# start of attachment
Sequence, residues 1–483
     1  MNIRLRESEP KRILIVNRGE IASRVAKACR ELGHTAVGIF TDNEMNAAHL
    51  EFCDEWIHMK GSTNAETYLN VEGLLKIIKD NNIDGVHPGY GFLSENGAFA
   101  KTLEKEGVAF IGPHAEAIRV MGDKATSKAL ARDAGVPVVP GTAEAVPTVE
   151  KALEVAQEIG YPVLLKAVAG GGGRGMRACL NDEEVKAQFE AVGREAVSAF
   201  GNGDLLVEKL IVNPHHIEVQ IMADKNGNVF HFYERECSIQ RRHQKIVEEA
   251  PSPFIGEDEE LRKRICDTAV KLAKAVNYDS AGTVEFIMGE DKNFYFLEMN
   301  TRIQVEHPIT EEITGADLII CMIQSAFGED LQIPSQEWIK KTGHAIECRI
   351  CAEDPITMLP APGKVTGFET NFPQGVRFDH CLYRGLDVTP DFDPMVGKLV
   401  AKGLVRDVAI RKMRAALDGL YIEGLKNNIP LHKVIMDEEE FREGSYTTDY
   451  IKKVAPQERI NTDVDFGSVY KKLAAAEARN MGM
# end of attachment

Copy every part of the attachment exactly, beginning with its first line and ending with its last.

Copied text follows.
Sequence, residues 1–483
     1  MNIRLRESEP KRILIVNRGE IASRVAKACR ELGHTAVGIF TDNEMNAAHL
    51  EFCDEWIHMK GSTNAETYLN VEGLLKIIKD NNIDGVHPGY GFLSENGAFA
   101  KTLEKEGVAF IGPHAEAIRV MGDKATSKAL ARDAGVPVVP GTAEAVPTVE
   151  KALEVAQEIG YPVLLKAVAG GGGRGMRACL NDEEVKAQFE AVGREAVSAF
   201  GNGDLLVEKL IVNPHHIEVQ IMADKNGNVF HFYERECSIQ RRHQKIVEEA
   251  PSPFIGEDEE LRKRICDTAV KLAKAVNYDS AGTVEFIMGE DKNFYFLEMN
   301  TRIQVEHPIT EEITGADLII CMIQSAFGED LQIPSQEWIK KTGHAIECRI
   351  CAEDPITMLP APGKVTGFET NFPQGVRFDH CLYRGLDVTP DFDPMVGKLV
   401  AKGLVRDVAI RKMRAALDGL YIEGLKNNIP LHKVIMDEEE FREGSYTTDY
   451  IKKVAPQERI NTDVDFGSVY KKLAAAEARN MGM